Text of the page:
So what happened then?
Liverpool, having dominated large spells of the first half, were toothless in the second half. Michael Laudrup replaced Shechter with midfielder Ki, allowing De Guzman and Michu further forward. Johnson’s overlapping runs, so prevalent in the first half, were rare in the second half. It is possible that Liverpool tired, having played in Europe on Thursday. Liverpool are yet to win post-Europa League this season. Sterling became less of a threat, Gerrard’s passing became ragged and loose, Suarez became isolated. At the other end Swansea were more threatening, but created few clear-cut chances.
Rodgers shakes it up
Against Chelsea, Wigan and Everton Rodgers changed the system during the game to some effect. Against Swansea that change came later in the game, and proved to have little effect. Replacing Downing and Henderson, Rodgers reverted to his 4-3-3 formation. Enrique went to left back, with Joe Cole on the left of the front three. Shelvey played as the midfielder closest to the front three. The change had little effect, as Liverpool failed to create many clear-cut chances in the final fifteen minutes, meaning Liverpool still haven’t scored in the final fifteen minutes of a league game this season. Swansea also looked dangerous on the counter-attack when Liverpool employed the new system, evident when Joe Allen fouled a Swansea player on the edge of the area with four minutes to go. Pepe Reina was forced to make a terrific save from the subsequent free kick.
The Downing Conundrum
The only Liverpool player to visibly struggle in the first half was Stewart Downing. Rodgers clearly doesn’t believe that Downing is the correct option on the wing, so has told him that his future, if he is to have one, will be a left-back. Judging by this performance, Downing has no future. He struggled positionally, frequently being caught in no man’s land. When Liverpool were defending, he was slightly too far forward. On a couple of occasions, balls sailed over his head and into dangerous spaces. He also drifted infield too often, particularly in the second half. At times he was virtually beside Daniel Agger, as he seemed fain to allow Jose Enrique to cover him. Swansea’s best chance came through his mistake, but Reina let his team mate off the hook with a brave save at Nathan Dyer’s feet.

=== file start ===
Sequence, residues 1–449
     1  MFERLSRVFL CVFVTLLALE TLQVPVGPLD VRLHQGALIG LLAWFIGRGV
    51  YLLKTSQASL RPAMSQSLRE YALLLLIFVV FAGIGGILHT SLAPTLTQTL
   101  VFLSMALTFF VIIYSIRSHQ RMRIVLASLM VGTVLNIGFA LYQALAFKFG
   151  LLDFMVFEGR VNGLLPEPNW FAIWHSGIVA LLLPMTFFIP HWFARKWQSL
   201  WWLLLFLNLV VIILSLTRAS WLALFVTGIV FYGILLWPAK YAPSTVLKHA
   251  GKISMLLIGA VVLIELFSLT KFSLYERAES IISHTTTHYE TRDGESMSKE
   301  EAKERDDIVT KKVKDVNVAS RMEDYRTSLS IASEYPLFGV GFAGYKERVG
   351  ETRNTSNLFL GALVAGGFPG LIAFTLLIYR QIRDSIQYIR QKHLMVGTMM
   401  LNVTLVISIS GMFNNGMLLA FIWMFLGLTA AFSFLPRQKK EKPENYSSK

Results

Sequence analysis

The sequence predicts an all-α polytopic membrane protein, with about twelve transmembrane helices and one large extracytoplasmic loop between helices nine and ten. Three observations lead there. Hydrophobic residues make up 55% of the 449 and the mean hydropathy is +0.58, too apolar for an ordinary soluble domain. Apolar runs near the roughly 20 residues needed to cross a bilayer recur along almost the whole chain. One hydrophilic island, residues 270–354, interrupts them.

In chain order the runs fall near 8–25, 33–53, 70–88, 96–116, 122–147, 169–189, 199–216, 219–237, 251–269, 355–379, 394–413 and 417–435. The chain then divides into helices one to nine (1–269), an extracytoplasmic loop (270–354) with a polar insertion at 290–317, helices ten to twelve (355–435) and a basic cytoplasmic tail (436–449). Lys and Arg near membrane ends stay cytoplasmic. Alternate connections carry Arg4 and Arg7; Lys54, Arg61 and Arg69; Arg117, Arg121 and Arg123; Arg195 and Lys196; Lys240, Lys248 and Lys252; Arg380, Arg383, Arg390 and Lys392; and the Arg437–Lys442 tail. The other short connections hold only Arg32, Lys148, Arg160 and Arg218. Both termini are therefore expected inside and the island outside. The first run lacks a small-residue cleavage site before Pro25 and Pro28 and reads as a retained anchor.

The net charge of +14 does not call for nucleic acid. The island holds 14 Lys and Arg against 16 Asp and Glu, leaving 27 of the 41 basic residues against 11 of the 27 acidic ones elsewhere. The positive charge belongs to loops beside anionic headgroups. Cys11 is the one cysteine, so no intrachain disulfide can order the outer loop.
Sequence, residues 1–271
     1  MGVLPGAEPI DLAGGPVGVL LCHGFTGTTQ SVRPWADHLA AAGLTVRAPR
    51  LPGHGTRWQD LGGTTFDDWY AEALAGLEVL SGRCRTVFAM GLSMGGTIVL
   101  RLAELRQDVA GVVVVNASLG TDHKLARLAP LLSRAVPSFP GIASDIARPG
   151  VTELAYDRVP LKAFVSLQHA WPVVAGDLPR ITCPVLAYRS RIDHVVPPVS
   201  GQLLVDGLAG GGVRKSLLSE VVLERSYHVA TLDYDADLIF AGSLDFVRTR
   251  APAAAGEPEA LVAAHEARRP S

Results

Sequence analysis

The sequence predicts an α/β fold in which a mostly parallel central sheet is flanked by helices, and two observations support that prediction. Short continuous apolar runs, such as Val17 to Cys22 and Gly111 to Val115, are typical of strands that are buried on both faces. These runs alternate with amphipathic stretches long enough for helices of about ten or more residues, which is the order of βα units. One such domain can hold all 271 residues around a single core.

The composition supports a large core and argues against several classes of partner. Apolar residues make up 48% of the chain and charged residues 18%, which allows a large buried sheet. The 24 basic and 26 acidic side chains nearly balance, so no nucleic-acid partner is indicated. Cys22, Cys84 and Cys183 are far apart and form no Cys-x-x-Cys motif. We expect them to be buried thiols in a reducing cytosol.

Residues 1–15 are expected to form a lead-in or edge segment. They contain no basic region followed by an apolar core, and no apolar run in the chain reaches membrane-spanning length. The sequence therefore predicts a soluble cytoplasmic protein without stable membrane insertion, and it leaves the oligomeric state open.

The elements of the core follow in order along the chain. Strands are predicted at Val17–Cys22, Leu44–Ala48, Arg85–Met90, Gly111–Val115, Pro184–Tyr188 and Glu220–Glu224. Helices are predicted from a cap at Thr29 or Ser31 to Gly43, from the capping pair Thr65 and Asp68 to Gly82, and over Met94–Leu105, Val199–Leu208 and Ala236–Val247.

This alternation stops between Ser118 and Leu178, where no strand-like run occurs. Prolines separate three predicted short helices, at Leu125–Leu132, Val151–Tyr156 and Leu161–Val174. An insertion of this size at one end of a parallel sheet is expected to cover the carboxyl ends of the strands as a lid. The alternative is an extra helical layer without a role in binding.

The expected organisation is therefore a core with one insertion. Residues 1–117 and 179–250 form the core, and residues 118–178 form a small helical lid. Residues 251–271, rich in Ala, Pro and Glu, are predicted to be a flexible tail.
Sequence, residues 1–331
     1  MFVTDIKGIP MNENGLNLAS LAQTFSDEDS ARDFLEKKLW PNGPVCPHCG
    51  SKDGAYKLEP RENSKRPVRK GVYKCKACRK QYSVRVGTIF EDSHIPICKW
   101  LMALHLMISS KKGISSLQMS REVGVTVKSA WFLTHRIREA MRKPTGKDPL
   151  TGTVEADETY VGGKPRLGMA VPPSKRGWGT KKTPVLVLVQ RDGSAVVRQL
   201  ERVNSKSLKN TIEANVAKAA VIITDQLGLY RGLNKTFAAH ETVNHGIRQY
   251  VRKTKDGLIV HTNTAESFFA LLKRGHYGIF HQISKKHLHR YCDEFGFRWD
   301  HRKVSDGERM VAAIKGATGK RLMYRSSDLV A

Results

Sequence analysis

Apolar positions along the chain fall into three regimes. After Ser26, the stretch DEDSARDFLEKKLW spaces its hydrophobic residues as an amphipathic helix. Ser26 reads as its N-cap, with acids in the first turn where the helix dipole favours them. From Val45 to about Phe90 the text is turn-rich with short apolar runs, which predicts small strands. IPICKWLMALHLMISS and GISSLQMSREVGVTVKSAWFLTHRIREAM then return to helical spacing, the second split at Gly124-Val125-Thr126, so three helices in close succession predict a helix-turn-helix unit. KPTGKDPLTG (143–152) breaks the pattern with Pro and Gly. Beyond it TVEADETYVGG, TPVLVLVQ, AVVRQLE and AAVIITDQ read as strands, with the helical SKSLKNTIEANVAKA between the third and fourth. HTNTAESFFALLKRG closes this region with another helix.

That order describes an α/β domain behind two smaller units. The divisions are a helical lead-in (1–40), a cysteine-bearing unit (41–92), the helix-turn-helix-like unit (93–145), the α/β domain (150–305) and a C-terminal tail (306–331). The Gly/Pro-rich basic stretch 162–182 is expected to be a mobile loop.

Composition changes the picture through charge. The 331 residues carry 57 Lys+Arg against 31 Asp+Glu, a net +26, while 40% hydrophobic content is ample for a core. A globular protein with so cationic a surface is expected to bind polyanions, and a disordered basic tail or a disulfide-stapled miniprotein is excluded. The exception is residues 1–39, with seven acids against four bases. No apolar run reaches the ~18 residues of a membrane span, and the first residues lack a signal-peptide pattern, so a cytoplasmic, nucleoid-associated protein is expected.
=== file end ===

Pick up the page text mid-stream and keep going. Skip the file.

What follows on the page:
Offensively, Downing also frustrated. He seemed reluctant to gamble, and often did not provide the level of width that Johnson did on the right. With Enrique often drifting inside off the wing, Liverpool needed Downing to be more aggressive in running down the flank. Also, Downing’s weakness in the air doesn’t suit Pepe Reina’s tactic of aiming kick outs onto the heads of his full-backs. He was replaced with fifteen minutes to go, partly to facilitate a change in system. It was another disappointing Downing performance. His chances are running out.
Man of the Match: Pepe Reina
Reina looked back to his best against Swansea. From corners he was solid, punching all within his sight. His footwork was impeccable and distribution solid. He made a terrific save from a late free kick to ensure Liverpool earned a point, and his sprinting off the line to bravely deny Nathan Dyer prior to that was vintage Reina. Johnson, Sterling and Enrique and Agger rivalled Reina, but the goalkeeper was consistent all afternoon.